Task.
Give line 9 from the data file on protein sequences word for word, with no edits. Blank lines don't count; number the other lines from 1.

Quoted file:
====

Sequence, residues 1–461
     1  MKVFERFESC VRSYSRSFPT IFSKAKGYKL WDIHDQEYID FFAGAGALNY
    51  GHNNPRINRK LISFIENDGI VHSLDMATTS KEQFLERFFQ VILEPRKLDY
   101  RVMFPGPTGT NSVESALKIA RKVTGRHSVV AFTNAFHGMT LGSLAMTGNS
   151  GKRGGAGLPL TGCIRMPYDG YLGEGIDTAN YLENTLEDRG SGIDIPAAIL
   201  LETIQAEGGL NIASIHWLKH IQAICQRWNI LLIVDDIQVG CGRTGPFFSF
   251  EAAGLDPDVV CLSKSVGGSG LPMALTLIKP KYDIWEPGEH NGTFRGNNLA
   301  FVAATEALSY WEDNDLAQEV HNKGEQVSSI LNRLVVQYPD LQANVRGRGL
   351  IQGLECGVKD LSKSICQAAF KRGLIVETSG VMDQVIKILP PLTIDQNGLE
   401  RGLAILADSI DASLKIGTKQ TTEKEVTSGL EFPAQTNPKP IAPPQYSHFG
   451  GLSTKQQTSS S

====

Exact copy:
   351  IQGLECGVKD LSKSICQAAF KRGLIVETSG VMDQVIKILP PLTIDQNGLE